Linked by Thom Holwerda on Mon 8th Sep 2008 20:55 UTC, submitted by Punktyras
Google With all the recent hype surrounding Google's Chrome, it's refreshing to see someone taking a few steps back and looking at the bigger picture. Superlatives were abound about Chrome (I personally really like it), but some people really took it overboard - take TechCrunch for instance: "Chrome is nothing less than a full on desktop operating system that will compete head on with Windows." Seeing my nationality, I know a tulip mania when I see one. So does Ted Dziuba.
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A: He's wrong, B: He's right
by Moonbuzz on Tue 9th Sep 2008 11:50 UTC
Moonbuzz
Member since:
2005-07-09

It's one of those cases where the writer managed to miss the target by a mile, and somehow hit it.

First, his A => B => GREEN diagrams explain nothing. There isn't exactly any actual correlation between the move from C to Java, to a WebApp. First, Chrome's HTML renderer and Javascript engine are using the browser as a VM, theoretically putting a chrome-based webapp on the same level as the Java/Perl example.
Second, and this is plain obvious, using a Windows emulated environment as a reason for "Chrome is not a browser" is counter intuitive, and misleading, since, on Windows, Chrome runs "natively". He could've tried running it in an emulated environment running on Cygwin, and claim this meant something.

However, he is right on one point. A browser is not an OS anymore than a webapp has anything to do with computer software, running natively, emulated or on a VM, and that has to do with one major element, which is the actual Internet.

The Internet runs on a series of protocols that, apart from other similarities, share one specific idea, which is that communication is based on a simple idea: You send a request, you get a reply, end of communication. You can split your "application" to many small parts and have each of them send requests and process replies simultaneously and asynchronously, but it's still the same request-reply process. There isn't anything there that can even come close to emulate or imitate a non-web application's richness of abilities and transactions. The way information flows between the front and back ends of a non-web app leaves the web-based apps way behind.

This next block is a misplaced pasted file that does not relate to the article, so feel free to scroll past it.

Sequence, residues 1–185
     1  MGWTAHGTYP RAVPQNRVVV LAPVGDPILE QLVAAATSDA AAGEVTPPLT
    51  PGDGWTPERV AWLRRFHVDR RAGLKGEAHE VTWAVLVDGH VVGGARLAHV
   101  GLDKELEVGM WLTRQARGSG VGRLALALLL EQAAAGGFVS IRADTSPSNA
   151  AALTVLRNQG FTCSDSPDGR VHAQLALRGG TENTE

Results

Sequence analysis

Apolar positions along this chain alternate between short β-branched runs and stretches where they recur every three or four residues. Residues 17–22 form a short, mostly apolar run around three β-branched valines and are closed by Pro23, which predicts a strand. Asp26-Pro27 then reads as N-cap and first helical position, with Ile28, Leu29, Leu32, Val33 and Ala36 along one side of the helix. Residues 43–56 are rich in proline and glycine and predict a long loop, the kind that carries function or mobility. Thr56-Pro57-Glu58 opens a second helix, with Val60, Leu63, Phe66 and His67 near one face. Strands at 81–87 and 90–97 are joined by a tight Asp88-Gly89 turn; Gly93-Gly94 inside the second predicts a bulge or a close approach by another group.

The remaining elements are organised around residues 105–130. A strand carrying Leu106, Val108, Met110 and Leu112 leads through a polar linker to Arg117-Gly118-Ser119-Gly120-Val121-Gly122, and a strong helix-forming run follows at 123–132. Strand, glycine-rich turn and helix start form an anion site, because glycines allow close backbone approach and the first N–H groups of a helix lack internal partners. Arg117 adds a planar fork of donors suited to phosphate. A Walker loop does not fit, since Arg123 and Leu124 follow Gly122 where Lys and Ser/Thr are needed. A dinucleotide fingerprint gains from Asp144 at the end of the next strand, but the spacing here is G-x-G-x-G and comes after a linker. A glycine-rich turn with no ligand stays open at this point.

Apart from that, there's the question of what a web-app is built with. While back-end technologies have become amazingly rich and powerful, the browser, at its essence, understands two things: HTML and Javascript. Whatever you cook on your server have to ultimately be translated to those two components. While plug-in techniques (Flash, AIR, Silverlight), have improved massively in recent years, those have no need for the browser as a platform, and definitely don't have anything to do with the Web-as-an-OS vision that some people hold.

On top of that, the idea that browsers, for security reasons, have little to no actual access to system resources, can't change or create system elements and can only use whatever freedom the browser allows them, makes the dream of the "WebOS" remains a dream, and not a very imaginative one.

UPDATE: If you really want some cool picture, this page might do the trick: http://www.theregister.co.uk/2008/07/07/web20_for_developers/page2....

Edited 2008-09-09 12:03 UTC

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